Marketing Matters Boost Your Firm’s Brand

5 Business Development Basics for Associates

The idea of bringing in clients can be daunting for younger lawyers. Secretly, most associates seem to feel that success in this area is either unlikely or impossible.

Ross Fishman, JD

Most lawyers want to have their own clients, but looking ahead 10 or 20 years, few see a clear roadmap to success.

The specifics are where it gets complicated. There’s a lot of advice out there. Candidly, much of it is terrible. Some of it makes sense in theory but doesn’t work in practice. Of course, associates are rarely able to judge which is which. By the time they figured it out, they’ve squandered the years they should have been building the infrastructure for their future success.

Can you imagine spending a decade doing the wrong things without realizing it? Most lawyers never really figure out the right things; they just do a lot of different wrong things, or a few wrong things for a long time, then quit in frustration. They simply think that they must not be marketers, rather than understanding that they’ve been implementing a flawed plan. It’s our job to give them useful advice and help aim them in the right direction.


Developing business isn’t especially complicated. In part, it’s a numbers game: do the right things and enough of them that they gradually and systematically build and develop their personal network and reputation.

Plan, prepare and execute. Steadily, over time. A little bit every week. Just make sure the things they are doing are the right things.

I’ve trained tens of thousands of lawyers and helped thousands of associates prepare for partnership, or at least for getting clients. What have I learned?

That today’s associates know the game. They’ve heard gray-haired seasoned attorneys assure them that “law is a profession, not a business” and “doing good work is the best marketing.” But Millennials know better; they know that your competitors are also doing darn good work. They learned it’s a business the hard way when smart, skilled, hard-working but generic or fungible associates got fired unceremoniously in the recession. Or when friends had their big-firm job offers withdrawn because there wasn’t enough business to go around — no hard feelings; it’s just business.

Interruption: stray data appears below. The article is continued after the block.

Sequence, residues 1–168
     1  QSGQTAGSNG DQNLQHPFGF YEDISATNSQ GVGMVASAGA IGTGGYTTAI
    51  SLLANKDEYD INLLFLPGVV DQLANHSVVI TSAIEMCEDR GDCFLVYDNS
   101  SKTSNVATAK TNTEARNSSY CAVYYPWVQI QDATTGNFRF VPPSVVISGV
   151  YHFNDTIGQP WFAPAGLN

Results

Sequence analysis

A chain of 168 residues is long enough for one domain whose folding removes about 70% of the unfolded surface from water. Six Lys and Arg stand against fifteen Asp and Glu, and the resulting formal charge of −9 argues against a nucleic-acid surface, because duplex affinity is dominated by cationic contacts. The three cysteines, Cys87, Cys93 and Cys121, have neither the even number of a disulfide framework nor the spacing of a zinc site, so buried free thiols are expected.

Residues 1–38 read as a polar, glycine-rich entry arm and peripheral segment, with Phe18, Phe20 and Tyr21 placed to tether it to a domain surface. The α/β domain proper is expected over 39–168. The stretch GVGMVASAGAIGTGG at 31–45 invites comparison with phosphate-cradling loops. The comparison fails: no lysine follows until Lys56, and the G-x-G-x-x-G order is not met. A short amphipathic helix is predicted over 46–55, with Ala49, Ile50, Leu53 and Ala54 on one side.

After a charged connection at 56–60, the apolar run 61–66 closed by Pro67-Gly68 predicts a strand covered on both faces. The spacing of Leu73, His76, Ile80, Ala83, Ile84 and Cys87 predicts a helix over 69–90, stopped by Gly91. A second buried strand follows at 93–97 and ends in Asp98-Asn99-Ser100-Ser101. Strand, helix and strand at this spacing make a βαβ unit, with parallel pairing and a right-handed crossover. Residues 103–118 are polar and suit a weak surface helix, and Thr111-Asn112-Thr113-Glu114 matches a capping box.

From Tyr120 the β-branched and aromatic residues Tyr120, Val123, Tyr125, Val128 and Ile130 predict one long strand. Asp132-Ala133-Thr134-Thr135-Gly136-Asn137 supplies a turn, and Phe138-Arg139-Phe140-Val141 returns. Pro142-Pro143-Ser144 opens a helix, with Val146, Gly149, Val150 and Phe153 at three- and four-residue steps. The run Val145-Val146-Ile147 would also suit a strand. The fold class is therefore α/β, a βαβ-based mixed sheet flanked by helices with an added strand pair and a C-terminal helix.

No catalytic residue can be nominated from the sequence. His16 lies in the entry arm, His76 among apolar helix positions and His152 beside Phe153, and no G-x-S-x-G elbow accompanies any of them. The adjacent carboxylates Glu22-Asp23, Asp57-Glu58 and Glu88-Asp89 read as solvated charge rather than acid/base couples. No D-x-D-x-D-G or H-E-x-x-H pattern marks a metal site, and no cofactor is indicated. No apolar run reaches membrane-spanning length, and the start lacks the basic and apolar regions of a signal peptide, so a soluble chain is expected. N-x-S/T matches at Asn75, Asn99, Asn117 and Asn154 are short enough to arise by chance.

Plan, prepare and execute. Steadily, over time. A little bit every week. Just make sure the things they are doing are the right things.

Today’s associates are hardworking, smart and adaptable. They know not to rely on the firm’s loyalty to feed them forever. They’re industrious and impatient. They want to control their own destiny. Good for them.

So, what should they do?


Here’s the basic outline of an associate marketing program. These five basic steps will help associates build a sizable network of relationships, and a personal brand for something that clients will want to hire you to do.

  1. In the first two to three years, they must learn to be a great lawyer, emphasizing both technical skills and client service. Help them build their long-term marketing infrastructure, the social media platform and other tools they’ll leverage through partnership.

  2. Encourage them to join a local bar association, meet their peers, learn the profession, build their résumé by joining a committee, get active, and work toward a leadership position on a small, relevant committee. Build both their personal and professional networks.

  3. Gradually, as they grow into midlevel associates, they can start to add more external marketing and networking activities. Get them out of the office. Teach them not to eat lunch at their desks.

  4. Around year four or five, they should start to develop a specialty niche or industry expertise in an area they enjoy. We can’t let them become one more generic generalist. We want them to offer more, both to the firm and its clients and prospects. Help them find something they’re passionate about to focus on, something narrower than “commercial real estate” or “complex business litigation.” Not “transportation law,” but “interstate transportation of infectious biological material.” Once they have that narrow specialty in mind, then it’s easier for them to determine what to write, speak and network about to help them become market leaders. They’ll finally know whom to network with and how to build their personal brands. This is critical.

  5. As they get more experienced, they should spend more time out of the office with prospects and referrals. If they’ve accomplished step 4 above, they’ll have: A) something to sell beyond “I’m a smart, service-oriented lawyer” (precisely like hundreds or thousands of look-alike lawyers in your community); and B) hundreds of interested prospects. They’ll stand out in a positive, client-oriented way.

That’s the big overview. The niche practice is the silver bullet, the special sauce. They might develop business otherwise — many lawyers do — but their chances are exponentially greater if they offer a unique specialty.